The best twitter account you’re not yet following is Depths of Wikipedia @depthsofwiki, which finds all the crazy fascinating stuff on Wikipedia that you wish you had time to look for.
Such as this gem from last week:
I didn’t know who Chrysippus was, but this is top shelf information. He died of laughter after witnessing a donkey eat his figs?!
That would make for one f***d-up game of Clue.
Here’s something that’s not a laughing matter.
Ever wondered why states seem so aggressive in fighting against companies that classify workers as independent contractors? Ok, yeah, there’s the crowd-pleasing pitch that they’re looking out for the little guy, and workers are being denied benefits, and companies are cheating the systems, etc.
But also comes down to money. State governments claim they are losing hundreds of millions of dollars a year in unpaid taxes and unpaid contributions to unemployment and workers compensation funds. This policy brief by the National Employment Law Project cites to 30 state law studies with varying estimates of losses to state coffers.
Are these studies accurate, or are they merely self-serving reports designed to justify misclassification audits? Probably some of both, but the point is that it doesn’t matter. Whether motivated by workers’ rights or bolstering state coffers, states are doing two things to make it harder to classify workers as independent contractors.
First, several pending state bills would make it harder to classify workers as independent contractors.
Second, states are taking enforcement seriously. Through audits and lawsuits, the states are going after companies directly.
For companies, defending against state action can be a lot harder than defending against private lawsuits. State prosecutors and agencies claim to be fighting for the little guy, and they tend to get dug in with their positions. State prosecutors and agency enforcers get paid the same salary, win or lose, and it can be harder to persuade them that your company’s classifications are legitimate and that they should be spending their limited time and resources elsewhere.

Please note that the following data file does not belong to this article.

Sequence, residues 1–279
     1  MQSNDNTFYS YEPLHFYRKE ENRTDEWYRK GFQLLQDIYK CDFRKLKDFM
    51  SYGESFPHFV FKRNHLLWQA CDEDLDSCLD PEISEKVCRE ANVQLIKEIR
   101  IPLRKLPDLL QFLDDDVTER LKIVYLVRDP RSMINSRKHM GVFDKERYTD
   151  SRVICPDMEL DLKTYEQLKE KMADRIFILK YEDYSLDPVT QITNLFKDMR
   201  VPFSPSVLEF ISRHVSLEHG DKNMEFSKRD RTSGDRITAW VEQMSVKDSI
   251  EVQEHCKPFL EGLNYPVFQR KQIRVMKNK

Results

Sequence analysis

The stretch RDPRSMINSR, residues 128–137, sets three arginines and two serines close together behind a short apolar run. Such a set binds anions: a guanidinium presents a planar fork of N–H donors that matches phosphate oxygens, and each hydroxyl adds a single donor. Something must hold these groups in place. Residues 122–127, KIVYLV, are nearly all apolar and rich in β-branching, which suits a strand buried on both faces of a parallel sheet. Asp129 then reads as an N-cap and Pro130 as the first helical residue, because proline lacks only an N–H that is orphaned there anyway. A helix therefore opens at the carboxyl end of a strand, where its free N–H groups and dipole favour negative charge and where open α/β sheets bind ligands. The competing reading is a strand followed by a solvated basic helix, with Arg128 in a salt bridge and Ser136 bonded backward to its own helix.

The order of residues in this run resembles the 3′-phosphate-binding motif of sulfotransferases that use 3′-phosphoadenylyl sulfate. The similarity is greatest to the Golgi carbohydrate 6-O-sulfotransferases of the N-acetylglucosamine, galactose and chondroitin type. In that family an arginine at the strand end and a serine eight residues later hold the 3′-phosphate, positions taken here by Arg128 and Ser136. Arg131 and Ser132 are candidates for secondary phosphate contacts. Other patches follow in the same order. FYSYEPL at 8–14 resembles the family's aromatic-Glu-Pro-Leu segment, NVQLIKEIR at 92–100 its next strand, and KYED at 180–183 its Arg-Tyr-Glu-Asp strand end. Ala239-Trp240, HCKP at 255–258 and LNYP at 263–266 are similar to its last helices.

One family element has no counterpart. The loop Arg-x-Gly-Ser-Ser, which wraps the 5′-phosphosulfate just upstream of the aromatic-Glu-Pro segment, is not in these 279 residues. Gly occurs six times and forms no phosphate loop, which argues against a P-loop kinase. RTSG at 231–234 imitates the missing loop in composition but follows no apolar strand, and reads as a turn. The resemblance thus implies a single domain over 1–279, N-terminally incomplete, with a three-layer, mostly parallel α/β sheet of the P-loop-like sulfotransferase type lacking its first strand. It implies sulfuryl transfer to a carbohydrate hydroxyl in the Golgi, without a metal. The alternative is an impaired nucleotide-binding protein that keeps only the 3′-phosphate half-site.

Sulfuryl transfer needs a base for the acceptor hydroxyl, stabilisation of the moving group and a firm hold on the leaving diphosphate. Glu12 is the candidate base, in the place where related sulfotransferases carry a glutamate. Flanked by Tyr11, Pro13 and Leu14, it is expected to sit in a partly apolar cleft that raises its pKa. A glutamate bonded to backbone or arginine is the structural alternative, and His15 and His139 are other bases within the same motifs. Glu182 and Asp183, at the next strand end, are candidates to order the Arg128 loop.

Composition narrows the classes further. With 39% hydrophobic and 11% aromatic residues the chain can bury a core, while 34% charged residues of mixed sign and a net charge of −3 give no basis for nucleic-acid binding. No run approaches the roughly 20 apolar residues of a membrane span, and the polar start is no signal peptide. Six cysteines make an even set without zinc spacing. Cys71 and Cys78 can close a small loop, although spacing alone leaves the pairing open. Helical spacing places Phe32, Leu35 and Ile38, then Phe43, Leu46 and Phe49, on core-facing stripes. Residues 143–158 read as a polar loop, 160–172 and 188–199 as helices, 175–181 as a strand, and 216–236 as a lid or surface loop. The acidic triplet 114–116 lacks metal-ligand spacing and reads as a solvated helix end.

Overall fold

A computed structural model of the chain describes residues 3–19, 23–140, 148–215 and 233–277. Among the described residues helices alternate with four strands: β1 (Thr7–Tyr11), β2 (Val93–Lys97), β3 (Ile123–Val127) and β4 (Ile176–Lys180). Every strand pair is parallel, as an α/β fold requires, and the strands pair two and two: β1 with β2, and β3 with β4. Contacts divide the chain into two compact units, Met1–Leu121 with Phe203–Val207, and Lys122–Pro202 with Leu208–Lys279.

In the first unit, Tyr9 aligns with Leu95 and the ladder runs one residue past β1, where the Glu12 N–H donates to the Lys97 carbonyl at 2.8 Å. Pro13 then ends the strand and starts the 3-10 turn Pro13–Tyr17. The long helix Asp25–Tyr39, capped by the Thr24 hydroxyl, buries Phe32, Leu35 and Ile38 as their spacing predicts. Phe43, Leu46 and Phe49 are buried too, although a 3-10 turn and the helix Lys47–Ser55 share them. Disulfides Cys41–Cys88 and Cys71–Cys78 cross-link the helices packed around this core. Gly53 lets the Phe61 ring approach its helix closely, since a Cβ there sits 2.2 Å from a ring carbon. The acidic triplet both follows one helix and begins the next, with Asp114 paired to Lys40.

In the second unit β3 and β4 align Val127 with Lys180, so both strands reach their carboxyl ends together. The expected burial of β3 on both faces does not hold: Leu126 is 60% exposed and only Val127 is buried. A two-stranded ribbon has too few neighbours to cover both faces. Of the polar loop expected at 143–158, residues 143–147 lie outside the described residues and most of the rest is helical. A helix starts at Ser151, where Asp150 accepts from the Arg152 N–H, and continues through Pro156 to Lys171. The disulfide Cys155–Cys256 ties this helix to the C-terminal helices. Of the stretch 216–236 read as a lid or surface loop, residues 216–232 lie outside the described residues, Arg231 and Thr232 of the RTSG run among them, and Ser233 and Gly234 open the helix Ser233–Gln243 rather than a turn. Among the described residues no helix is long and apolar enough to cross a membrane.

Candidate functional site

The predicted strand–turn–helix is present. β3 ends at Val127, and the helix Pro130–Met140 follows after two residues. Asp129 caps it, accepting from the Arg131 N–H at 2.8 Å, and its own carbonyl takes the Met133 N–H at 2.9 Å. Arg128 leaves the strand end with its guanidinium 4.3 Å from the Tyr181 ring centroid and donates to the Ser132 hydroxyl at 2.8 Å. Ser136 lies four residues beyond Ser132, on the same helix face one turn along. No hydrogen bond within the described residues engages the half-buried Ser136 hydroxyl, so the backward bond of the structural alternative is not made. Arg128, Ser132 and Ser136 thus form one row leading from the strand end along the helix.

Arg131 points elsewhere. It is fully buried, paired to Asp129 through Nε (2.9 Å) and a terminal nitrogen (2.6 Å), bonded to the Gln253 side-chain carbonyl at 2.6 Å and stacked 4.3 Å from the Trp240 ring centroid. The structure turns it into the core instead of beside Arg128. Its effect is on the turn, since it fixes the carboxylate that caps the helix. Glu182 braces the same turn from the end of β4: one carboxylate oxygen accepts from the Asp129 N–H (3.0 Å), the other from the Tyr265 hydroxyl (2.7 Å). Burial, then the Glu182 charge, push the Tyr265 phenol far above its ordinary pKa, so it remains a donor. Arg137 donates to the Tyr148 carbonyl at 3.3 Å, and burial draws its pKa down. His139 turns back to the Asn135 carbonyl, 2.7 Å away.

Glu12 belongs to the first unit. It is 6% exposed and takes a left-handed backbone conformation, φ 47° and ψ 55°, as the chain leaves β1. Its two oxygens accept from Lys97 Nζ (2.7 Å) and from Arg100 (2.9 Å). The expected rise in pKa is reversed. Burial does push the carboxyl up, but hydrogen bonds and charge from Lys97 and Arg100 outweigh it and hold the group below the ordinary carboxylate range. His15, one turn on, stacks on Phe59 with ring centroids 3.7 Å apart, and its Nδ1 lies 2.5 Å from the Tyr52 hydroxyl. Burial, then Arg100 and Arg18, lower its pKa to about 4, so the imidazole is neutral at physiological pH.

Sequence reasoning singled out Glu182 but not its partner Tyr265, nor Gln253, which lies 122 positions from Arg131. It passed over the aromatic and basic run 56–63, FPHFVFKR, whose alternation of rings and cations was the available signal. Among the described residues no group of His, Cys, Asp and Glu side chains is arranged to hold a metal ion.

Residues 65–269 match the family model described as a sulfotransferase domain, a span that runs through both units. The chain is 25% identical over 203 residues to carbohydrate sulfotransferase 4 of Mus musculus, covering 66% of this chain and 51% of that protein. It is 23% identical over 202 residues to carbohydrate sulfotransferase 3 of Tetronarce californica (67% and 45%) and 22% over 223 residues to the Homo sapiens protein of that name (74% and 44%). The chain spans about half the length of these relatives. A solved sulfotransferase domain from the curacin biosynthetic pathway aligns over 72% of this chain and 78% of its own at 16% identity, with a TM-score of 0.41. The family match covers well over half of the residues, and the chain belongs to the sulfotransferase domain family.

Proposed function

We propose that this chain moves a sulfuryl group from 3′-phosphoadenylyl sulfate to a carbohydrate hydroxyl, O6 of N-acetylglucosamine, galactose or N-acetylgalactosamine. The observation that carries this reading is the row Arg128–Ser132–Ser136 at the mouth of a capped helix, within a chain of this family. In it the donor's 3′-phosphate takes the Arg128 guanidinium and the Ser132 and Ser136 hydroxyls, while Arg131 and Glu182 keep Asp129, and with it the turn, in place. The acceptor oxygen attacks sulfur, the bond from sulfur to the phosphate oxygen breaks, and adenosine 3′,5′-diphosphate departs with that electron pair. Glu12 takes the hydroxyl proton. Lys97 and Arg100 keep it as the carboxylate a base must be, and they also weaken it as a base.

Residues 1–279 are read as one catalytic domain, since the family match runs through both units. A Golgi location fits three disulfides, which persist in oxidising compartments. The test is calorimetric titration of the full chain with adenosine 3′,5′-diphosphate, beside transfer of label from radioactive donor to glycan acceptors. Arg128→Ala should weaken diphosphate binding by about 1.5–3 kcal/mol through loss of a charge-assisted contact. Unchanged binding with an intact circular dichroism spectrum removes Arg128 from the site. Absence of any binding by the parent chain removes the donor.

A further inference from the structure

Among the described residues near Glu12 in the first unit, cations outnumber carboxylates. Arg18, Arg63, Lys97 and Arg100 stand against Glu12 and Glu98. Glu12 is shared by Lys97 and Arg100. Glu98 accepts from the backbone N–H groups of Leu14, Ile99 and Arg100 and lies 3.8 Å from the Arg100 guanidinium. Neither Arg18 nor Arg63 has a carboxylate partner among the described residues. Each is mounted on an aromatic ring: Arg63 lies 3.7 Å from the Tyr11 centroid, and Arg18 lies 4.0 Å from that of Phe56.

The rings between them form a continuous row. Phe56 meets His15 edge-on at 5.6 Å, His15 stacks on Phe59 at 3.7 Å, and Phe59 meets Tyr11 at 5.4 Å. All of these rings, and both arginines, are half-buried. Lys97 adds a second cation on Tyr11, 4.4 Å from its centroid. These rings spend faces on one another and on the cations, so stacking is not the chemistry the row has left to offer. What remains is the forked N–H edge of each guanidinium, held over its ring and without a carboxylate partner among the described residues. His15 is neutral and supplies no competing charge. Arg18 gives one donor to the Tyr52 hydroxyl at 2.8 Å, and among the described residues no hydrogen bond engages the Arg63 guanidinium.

Plaintiffs’ lawyers, on the other hand, are business people and are generally more open to business solutions that are driven by a cost-benefit analysis of how best to use their limited time and resources. A strong set of facts supporting independent contractor classification can lead to a victory in court or can create leverage for a favorable settlement with private litigants. Private settlements can also be reached with no admission of wrongdoing.
The lesson here is that enforcement efforts by state governments are no laughing matter. While a donkey trying to eat your figs may be drop-dead hilarious, an enforcement action by the state isn’t so funny. But it can still kill your business.
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© 2022 Todd Lebowitz, posted on WhoIsMyEmployee.com, Exploring Issues of Independent Contractor Misclassification and Joint Employment. All rights reserved.